Things seem easier with Nobel on your side.
(Laughs) Yes, but it took me a long time to say that without feeling the rush of seeing myself as an exhibitionist.
Did he have to be away from his hometown to put everything black on white?
There are academics and critics who believe it is good to keep distance, but there are also many who write in depth without leaving their homeland. I think of the Irish Nobel Prize winner Seamus Heaney and, conversely, Nabokov or Conrad who were forced to abandon this idea, even changing their language. In my case, I didn’t tell myself that I was away from home and would write about it; Rather, I said that being away gave me the drive to do it. I don’t know if I would have become a writer if I hadn’t left home.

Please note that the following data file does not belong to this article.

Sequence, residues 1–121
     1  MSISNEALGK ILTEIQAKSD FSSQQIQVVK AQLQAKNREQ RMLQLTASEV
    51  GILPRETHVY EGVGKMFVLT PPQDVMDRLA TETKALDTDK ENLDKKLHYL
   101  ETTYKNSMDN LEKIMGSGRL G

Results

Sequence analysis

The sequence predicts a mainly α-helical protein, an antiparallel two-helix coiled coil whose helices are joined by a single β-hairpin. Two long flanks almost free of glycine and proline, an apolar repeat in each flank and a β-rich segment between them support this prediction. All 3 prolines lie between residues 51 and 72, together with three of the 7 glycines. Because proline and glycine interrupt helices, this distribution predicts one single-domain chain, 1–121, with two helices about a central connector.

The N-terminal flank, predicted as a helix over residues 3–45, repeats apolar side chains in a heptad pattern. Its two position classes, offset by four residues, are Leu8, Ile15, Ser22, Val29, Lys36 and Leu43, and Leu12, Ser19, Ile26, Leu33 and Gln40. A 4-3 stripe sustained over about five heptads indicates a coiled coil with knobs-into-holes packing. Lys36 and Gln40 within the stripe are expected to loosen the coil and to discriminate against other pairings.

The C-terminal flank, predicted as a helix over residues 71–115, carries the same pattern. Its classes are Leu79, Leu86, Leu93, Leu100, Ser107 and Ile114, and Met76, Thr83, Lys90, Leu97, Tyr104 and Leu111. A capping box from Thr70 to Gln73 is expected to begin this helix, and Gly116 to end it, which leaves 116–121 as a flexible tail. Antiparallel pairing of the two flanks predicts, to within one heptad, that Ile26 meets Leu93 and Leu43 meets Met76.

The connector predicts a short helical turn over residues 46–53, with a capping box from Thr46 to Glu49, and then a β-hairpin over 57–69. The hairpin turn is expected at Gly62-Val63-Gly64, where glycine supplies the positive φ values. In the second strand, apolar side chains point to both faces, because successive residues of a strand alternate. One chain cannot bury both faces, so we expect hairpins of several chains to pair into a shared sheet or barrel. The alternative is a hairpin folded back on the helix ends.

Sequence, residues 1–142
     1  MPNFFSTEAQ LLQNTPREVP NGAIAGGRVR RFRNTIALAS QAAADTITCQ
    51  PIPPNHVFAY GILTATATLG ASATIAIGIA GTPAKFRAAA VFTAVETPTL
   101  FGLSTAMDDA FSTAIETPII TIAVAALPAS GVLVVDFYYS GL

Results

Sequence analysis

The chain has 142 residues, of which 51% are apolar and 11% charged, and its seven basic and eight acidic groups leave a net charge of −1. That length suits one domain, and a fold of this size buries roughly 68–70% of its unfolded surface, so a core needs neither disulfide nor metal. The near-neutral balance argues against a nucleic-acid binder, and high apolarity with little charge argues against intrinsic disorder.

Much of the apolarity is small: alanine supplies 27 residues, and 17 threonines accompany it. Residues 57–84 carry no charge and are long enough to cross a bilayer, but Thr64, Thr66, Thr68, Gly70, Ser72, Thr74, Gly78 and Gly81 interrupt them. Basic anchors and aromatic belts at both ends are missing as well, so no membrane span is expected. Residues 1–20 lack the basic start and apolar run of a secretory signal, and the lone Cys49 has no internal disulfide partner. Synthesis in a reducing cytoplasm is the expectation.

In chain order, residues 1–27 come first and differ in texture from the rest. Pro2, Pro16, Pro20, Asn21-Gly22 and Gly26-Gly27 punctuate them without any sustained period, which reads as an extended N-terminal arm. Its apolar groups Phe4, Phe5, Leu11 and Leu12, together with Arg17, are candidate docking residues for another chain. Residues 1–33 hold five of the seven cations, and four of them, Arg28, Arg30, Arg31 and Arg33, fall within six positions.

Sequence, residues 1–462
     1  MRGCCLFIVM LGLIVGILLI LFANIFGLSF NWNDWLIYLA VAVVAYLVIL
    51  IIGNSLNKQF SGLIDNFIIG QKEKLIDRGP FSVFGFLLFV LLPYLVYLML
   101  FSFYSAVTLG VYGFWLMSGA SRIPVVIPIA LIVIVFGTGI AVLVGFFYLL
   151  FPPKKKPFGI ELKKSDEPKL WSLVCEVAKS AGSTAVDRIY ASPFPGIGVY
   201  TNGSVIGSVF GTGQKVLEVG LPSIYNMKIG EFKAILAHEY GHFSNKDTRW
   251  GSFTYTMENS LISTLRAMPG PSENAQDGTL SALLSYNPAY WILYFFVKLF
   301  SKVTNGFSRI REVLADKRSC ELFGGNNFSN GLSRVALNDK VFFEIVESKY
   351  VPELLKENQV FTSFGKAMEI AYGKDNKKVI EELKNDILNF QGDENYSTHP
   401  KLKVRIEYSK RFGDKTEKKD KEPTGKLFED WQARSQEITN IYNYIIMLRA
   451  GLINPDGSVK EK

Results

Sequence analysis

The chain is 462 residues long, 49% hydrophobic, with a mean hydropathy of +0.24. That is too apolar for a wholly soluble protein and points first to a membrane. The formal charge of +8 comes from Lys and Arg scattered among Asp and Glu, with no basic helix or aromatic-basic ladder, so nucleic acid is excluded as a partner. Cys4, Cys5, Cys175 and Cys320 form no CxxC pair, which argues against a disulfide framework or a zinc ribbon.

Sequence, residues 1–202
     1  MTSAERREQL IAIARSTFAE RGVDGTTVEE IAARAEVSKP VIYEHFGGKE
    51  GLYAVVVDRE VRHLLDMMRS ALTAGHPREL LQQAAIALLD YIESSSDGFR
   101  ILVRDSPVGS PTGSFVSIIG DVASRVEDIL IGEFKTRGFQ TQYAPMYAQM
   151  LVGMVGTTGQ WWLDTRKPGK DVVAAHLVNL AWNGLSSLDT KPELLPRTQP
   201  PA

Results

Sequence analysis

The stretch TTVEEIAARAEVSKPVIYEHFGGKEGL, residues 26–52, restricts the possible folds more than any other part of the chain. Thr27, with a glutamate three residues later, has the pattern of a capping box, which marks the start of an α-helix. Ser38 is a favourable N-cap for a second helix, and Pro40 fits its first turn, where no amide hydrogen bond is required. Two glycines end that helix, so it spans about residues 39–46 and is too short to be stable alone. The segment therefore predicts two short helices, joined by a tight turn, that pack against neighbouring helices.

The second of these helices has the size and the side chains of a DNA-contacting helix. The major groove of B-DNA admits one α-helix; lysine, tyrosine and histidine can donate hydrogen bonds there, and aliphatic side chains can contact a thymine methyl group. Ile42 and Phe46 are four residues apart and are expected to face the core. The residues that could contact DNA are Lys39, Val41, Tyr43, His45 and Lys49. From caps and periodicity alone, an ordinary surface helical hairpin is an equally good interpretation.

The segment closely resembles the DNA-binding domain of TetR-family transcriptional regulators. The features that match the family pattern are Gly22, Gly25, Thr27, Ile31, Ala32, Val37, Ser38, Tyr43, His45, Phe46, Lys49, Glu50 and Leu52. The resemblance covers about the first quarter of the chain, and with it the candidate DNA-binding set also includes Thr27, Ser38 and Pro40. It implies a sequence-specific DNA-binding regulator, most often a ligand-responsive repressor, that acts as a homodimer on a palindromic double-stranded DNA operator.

European colonialism came with a moral rhetoric that they were just and clean and the natives were the opposite. But in reality no one could moralize
When he won the Nobel Prize, readers had a hard time finding him because, as a black writer of Arab origin, he was not exactly what one would expect from an African. Is it considered a good example of the continent’s pluralism?
As I said before, this is one of the things that needs to be explained. I say Africa and I think of the Indian Ocean, which is the route by which Arabs and Indians came to Zanzibar in search of a trade route for centuries. It is the crossroads of cultures almost unknown to Europe.
In his novel ‘The Deserter’, it can be interpreted that the British metropolis is a (bad) example for colonized countries.
In reality, they were as corrupt as each other. But European colonialism came with a moral rhetoric that they were just and clean and the natives were the exact opposite. No one could give moral lessons.